USMCA: Trump Signs New Trade Agreement With Mexico And Canada

Andrew Cummings
November 30, 2018

Standing between Canadian prime minister Justin Trudeau and Mexican president Enrique Pena Nieto, Mr Trump said: "As part of our agreement, the United States will be able to lock in our market access to Canada and Mexico, and greatly expand our cultural exports - something we've been wanting to do for many years".

According to Trump, all sides will benefit from the United States-Mexico-Canada Agreement or USMCA which he said "is probably the largest trade deal ever made".

'The Prime Minister and the President agreed that the new trade agreement between Canada, the United States and Mexico would enhance North American competitiveness, ' his office said of the call.

"This has been a battle, and battles sometimes make great friendships", Trump said at the start of the signing ceremony.

President Donald Trump Canada’s Prime Minister Justin Trudeau right and Mexico’s President Enrique Pena Neto left participate in the USMCA signing ceremony Friday Nov. 30 2018 in Buenos Aires Argentina

There is more work to be done, Trudeau said, calling the recent announcement that General Motors will close plants in Canada and the USA "a heavy blow".

The USMCA will also need to be ratified by the legislatures of Canada and Mexico. After the signing, US trade chief Robert Lighthizer told reporters that negotiations are ongoing but that they see the tariffs as successful policy, CBC reported.

USA tariffs on steel and aluminum remain in place, but a Canadian official said an advantage to signing onto the agreement now is an auto side letter exempting Canada of potential tariffs on exports of up to 2.6 million vehicles - well above current levels.

He also claimed the USMCA - as he named the replacement for NAFTA - would bring back US auto jobs and was 'an fantastic deal for our farmers'.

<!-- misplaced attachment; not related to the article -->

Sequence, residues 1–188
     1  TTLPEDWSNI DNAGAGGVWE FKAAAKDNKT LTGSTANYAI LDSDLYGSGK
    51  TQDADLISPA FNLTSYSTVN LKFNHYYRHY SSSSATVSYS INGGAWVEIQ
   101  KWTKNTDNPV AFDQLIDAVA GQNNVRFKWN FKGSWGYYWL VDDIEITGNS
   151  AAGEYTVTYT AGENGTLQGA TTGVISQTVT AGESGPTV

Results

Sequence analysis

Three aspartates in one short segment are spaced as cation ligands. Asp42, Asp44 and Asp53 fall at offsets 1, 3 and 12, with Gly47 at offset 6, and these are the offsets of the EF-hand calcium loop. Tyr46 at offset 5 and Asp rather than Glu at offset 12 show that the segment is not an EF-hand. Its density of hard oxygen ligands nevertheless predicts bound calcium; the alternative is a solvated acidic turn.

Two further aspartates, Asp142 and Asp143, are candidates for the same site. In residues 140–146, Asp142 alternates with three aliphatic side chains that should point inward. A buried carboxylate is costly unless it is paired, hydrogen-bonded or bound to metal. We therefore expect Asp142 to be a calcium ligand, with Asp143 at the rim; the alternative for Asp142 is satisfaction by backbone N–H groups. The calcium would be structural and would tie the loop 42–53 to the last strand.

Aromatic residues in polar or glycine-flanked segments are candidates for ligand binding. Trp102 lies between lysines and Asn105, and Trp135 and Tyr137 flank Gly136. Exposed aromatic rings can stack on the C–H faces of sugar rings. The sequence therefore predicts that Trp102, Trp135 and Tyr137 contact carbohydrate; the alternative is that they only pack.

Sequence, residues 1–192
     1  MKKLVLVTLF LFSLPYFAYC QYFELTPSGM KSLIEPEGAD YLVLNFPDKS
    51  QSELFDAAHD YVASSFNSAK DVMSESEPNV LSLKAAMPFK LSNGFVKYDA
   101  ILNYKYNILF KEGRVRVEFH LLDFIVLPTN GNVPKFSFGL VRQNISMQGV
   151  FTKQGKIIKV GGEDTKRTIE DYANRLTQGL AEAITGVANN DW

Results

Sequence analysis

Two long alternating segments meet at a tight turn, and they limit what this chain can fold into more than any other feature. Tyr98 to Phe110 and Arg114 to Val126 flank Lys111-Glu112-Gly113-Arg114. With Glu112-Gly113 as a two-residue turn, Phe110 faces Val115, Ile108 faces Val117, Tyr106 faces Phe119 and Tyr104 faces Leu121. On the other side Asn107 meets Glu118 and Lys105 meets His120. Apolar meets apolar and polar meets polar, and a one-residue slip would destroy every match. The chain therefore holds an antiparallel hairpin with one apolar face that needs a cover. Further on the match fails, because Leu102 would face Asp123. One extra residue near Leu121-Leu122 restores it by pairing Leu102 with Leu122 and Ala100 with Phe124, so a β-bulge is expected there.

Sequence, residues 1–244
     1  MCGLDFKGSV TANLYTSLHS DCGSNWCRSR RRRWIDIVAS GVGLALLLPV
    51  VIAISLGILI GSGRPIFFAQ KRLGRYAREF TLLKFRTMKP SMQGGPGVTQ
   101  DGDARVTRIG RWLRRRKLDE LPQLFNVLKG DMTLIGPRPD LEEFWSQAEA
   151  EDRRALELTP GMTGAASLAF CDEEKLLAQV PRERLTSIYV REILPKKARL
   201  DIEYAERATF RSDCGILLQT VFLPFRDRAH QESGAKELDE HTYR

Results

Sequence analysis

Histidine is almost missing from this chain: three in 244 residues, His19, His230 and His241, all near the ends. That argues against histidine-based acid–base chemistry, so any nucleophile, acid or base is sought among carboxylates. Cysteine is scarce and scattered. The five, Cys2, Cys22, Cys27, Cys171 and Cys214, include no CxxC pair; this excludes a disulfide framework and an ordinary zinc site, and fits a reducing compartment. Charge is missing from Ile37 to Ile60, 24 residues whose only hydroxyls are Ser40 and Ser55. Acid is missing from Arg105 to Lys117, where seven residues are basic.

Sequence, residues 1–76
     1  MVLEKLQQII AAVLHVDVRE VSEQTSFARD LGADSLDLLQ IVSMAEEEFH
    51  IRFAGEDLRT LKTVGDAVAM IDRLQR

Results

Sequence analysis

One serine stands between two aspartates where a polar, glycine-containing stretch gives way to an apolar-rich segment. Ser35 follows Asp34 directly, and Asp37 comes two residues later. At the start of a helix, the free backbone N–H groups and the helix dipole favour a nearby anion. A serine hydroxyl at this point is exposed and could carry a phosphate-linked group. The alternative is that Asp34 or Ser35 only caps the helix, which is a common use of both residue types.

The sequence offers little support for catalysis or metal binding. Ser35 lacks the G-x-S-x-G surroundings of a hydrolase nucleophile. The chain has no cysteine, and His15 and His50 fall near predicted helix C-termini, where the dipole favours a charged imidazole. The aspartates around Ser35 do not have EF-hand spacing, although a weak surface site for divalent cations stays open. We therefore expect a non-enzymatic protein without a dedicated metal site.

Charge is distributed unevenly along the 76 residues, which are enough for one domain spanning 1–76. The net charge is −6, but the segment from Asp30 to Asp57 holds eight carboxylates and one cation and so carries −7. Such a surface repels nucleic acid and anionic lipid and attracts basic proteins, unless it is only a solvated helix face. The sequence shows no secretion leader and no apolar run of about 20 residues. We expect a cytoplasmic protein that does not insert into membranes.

Minister of Foreign Affairs Chrystia Freeland speaks to media on the roof of the Panamericano Hotel in Buenos Aires, Argentina, on November 29, 2018.

There is no formal meeting between Trump and Trudeau on either leader's schedule for the Friday and Saturday summit.

"We have worked hard on this agreement", Trump said.

US tariffs on steel and aluminum remain in the agreement, something the three sides have been trying to iron out.

Friday also marks an important deadline for the revamped version of NAFTA. 'The fact that this is an agreement in three languages adds to the level of technical complexity and it is on that level that we are just being sure that all the Is are dotted and all the Ts are crossed'.

He described General Motors' plant closures that had hit thousands of USA and Canadian families as a "heavy blow".

With a new deal on the table that's supposed to represent a new era of tariff-free trade, all three countries have been working on resolving the standoff before Friday.

Mr Trudeau added that "the benefits of free trade must be broadly and fairly shared", before criticising U.S. tariffs on steel and aluminium.

Other reports by iNewsToday